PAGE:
FDA approves Novartis brain tumour drug

October 30, 2010

Swiss pharmaceutical company Novartis said Saturday that the US drug Food and Drug Administration had approved a drug for treating certain benign brain tumours which previously required surgery.

Everolimus, marketed as Afinitor, had been shown to be effective in reducing subependymal giant cell astrocytoma (SEGA) associated with tuberous sclerosis, a affecting approximately 25,000 to 40,000 people, mainly children and , in the United States, it said.

Accelerated FDA approval was based on a study of 28 patients conducted by Cincinnati Children's Hospital Medical Center, in which nearly one-third of experienced a reduction of 50 percent or more in the size of their largest SEGA within six months, Novartis said.

The company said it was continuing to study the efficacy and clinical benefit of Afinitor in a wider trial, and had submitted marketing applications to the European Medicines Agency and the Swiss Agency for Therapeutic Products (Swissmedic).

If approved in the European Union for this indication, the treatment will be made available under the trade name Votubia, it said.

Related Stories

Recommended for you

Opioid addiction treatment behind bars reduced post-incarceration overdose deaths in RI

February 14, 2018
A treatment program for opioid addiction launched by the Rhode Island Department of Corrections was associated with a significant drop in post-incarceration drug overdose deaths and contributed to an overall drop in overdose ...

Heroin vaccine blocks lethal overdose

February 14, 2018
Scientists at The Scripps Research Institute (TSRI) have achieved a major milestone toward designing a safe and effective vaccine to both treat heroin addiction and block lethal overdose of the drug. Their research, published ...

Study shows NIH spent >$100 billion on basic science for new medicines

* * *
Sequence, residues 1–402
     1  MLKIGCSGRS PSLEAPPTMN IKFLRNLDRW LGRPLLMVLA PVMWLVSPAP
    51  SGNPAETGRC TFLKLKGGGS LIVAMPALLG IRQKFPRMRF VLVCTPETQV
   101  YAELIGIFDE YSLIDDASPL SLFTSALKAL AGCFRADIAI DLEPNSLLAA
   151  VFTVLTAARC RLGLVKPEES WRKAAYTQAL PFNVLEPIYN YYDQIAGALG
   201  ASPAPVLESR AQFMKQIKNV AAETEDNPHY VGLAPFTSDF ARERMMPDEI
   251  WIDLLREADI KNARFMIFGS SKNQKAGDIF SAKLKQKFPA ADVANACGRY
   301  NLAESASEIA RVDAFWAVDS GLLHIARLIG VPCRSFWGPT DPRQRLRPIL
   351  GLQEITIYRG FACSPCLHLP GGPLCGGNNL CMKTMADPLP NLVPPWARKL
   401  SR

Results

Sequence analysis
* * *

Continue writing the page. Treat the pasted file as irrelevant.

February 12, 2018
Federally funded research contributed to the science underlying all new medicines approved by the FDA over the past six years, according to a new study by Bentley University.

Opioid use increases risk of serious infections

February 12, 2018
Opioid users have a significantly increased risk of infections severe enough to require treatment at the hospital, such as pneumonia and meningitis, as compared to people who don't use opioids.

Placebo pills prescribed honestly help cancer survivors manage symptoms

February 9, 2018
Long after cancer treatment ends, many continue to deal with one particular symptom that refuses to go away: fatigue. In a new study, researchers at the University of Alabama at Birmingham and Harvard Medical School have ...

Multinational companies continue to produce unregulated antibiotics in India

February 5, 2018
Millions of unapproved antibiotics are being sold in India, according to a new study by researchers at Queen Mary University of London and Newcastle University.

0 comments

Please sign in to add a comment. Registration is free, and takes less than a minute. Read more

Click here to reset your password.
Sign in to get notified via email when new comments are made.